Another important molecule of the characteristically thick ECM of cartilage tissue is decorin. It is known to bind to aggrecan to increase its adhesion with other aggrecan molecules and with collagen II fibrils, thereby enhancing the assembly and structural integrity of the aggrecan network in cartilage ECM. At the cellular level, decorin functions to increase the retention of aggrecan in the newly formed matrix of chondrocytes. Also, this molecule increases the adhesion between aggrecan and aggrecan molecules and between aggrecan molecules and collagen II fibrils [38]. It has been shown to inhibit TGF-β and hence prevent tissue fibrosis and promote tissue regeneration. Jarvinen and Ruoslahti genetically displayed a wound-homing CAR peptide (CARSKNKDC) on the decorin surface to form a recombinant CAR-decorin. After intravenous injection of CAR-decorin, these complexes selectively accumulated in the wound sites, and promoted wound healing, without scar formation in a mice wound model [39], this displayed peptide therefore can be employed for cartilage wound healing process, since osteoarthritis is characterized by a persistent deterioration of the cartilage tissue or basically and an non-healing wound.

2.6 Phage used for targeted cartilage tissue drug delivery

By phage biopanning, Pi and his colleagues discovered the chondrocyte-homing peptide, DWRVIIPPRPSA (CAP). They also chemically conjugated the peptide with polyethyleneimine (PEI) to construct a non-viral gene vector [40]. The CAP-functionalized PEI vectors showed specificity for cartilage tissue and gene transfection efficiency in the knee joints was demonstrated to be excellent, and can be employed for cartilage therapy. In another study, they employed the same construct to deliver siRNA into the cartilage of the knee joints to silence the expression of Hif-2α [41]. Hif-2α, which is one of the molecules that triggers cartilage degradation in osteoarthritis (OA), was therefore downregulated and cartilage degeneration and synovium inflammation in the knee joints were alleviated. In both cases, they showed that the use of the cartilage specific and chondrocyte-homing peptide identified by phage display could make therapy of degenerate cartilage feasible.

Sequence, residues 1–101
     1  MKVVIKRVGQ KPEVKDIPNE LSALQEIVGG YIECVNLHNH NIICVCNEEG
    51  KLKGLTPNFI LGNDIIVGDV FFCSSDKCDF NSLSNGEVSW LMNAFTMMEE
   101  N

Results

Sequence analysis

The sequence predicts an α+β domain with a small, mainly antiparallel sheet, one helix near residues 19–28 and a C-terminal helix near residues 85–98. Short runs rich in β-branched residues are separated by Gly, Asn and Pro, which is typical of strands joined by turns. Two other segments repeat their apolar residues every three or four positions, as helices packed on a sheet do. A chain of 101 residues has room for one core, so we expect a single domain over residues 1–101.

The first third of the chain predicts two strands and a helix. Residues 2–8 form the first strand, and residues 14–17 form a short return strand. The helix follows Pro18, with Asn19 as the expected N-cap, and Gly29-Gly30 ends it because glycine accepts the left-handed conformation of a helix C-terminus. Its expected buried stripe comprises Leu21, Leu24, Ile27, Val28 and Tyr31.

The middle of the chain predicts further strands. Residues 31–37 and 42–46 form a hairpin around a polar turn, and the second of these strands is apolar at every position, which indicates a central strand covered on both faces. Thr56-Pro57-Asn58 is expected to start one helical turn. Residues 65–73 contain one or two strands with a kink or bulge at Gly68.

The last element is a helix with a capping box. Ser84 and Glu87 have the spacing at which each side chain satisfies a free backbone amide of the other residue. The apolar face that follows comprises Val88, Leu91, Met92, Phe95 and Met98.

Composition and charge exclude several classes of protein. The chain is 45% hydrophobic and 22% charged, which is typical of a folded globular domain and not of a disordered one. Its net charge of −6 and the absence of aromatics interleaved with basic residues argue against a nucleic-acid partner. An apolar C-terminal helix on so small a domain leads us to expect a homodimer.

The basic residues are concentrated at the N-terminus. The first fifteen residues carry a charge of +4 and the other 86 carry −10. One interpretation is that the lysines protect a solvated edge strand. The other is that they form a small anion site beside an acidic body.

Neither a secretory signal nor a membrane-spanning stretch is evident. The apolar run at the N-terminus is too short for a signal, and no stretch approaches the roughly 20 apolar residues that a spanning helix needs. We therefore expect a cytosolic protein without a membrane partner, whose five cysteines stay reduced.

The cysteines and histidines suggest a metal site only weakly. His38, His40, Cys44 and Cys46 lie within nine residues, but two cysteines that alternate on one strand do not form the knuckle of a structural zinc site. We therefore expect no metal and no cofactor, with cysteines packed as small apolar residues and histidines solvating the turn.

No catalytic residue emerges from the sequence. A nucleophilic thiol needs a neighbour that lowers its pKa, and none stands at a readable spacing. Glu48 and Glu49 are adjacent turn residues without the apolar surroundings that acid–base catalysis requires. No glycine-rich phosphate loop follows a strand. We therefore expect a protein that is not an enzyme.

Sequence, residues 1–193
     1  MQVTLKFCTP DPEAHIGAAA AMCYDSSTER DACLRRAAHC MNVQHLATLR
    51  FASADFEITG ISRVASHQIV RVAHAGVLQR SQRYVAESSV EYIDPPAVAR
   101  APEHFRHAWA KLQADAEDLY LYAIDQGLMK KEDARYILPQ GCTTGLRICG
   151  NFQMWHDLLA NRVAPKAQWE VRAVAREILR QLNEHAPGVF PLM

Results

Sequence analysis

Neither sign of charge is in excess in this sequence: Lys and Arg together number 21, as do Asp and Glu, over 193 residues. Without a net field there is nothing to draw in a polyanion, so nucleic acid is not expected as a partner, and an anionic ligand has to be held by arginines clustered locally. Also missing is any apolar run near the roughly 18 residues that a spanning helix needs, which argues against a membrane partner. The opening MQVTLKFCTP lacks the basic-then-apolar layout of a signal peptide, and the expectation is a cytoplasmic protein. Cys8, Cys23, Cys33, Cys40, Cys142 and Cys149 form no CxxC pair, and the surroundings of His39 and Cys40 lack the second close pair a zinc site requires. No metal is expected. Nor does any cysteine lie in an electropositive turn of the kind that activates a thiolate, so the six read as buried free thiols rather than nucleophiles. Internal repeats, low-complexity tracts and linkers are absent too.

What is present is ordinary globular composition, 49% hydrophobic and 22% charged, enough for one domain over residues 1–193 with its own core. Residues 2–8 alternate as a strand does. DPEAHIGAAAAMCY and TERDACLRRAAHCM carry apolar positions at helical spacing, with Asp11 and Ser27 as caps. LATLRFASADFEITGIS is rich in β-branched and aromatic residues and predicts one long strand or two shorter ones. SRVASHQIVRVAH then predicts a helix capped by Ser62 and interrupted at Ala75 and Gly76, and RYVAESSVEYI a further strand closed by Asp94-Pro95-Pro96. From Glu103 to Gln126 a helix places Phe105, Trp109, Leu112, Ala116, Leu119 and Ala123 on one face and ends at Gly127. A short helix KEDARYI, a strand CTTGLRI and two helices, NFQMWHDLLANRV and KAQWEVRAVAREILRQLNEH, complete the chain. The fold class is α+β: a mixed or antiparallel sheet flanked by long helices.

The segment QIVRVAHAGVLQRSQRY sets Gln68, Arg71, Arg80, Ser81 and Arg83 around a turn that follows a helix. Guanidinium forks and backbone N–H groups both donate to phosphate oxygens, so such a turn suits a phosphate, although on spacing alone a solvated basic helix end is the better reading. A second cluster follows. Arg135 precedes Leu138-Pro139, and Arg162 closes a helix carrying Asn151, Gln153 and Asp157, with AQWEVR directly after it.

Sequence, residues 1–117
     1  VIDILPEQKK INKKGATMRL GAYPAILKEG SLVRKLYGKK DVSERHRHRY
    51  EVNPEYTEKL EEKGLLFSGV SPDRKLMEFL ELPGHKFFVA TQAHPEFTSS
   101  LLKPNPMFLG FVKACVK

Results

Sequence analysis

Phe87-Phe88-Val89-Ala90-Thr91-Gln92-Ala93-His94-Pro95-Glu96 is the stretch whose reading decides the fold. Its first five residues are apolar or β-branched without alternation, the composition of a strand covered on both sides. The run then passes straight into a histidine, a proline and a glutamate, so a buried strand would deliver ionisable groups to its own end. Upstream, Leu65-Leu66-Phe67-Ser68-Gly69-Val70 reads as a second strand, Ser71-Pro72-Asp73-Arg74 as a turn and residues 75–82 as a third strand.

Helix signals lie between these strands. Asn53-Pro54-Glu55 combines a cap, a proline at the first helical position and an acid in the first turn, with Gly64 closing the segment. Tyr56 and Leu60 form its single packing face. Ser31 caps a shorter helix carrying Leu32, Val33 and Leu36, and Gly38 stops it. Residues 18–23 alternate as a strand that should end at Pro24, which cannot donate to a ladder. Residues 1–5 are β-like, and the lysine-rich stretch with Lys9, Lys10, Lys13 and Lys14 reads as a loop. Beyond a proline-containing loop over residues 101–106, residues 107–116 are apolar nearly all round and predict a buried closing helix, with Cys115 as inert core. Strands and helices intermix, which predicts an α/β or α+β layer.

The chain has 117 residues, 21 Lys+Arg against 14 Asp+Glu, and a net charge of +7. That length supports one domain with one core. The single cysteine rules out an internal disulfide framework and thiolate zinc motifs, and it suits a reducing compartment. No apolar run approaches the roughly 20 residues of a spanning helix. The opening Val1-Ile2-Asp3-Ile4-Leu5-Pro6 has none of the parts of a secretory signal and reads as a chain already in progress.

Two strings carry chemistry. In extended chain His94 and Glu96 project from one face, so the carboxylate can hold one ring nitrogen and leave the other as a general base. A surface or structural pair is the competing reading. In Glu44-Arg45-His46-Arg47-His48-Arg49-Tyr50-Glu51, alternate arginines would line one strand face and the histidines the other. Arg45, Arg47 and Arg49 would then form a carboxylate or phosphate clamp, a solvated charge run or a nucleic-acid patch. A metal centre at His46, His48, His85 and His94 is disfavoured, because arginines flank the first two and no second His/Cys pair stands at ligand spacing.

2.7 Using phage display for diagnosis and imaging

The development of osteoarthritis or rheumatoid arthritis is noted to be highly linked with MMP13 expression, a collagenase that degrades collagen and biglycans [42, 43]. Sun-Jun and his colleagues’ utilized phage display to map out the substrate specificity of this enzyme, their screening revealed that MMP13 targeted with specificity to peptide substrates that have proline at the P3 position and lipophilic amino acids at P1′. They observed that a change in proline via site-directed mutagenesis made these substrates less sensitive to collagenase 3 [44]. Integrins are transmembrane heterodimeric proteins that play a role as mechanotransducers; they also mediate a number of other signaling cascades and triggers endocytosis [45] and or pinocytosis [46] that mediate cellular internalization. Chondrocytes plasma membranes have surface integrins subunits [47]. A fluorophore that is therefore bound to a ligand that interacts with integrins can be internalized. Hart and his coworkers demonstrated using bacteriophage Fd that displayed the cyclic integrin-binding peptide sequence GGCRGDMFGC on the major coat protein subunits. This led to the internalization of the phage by cells, thus demonstrating that the integrin-binding peptides displayed on the phage could target cells expression integrin on its surface for internalization [48], and this could be exploited to have the phage coat protein also functionalized to a fluorophore that serve for immunofluorescent imaging. Same process can also be exploited for the possible introduction of siRNA or preloaded drugs into cells for therapy.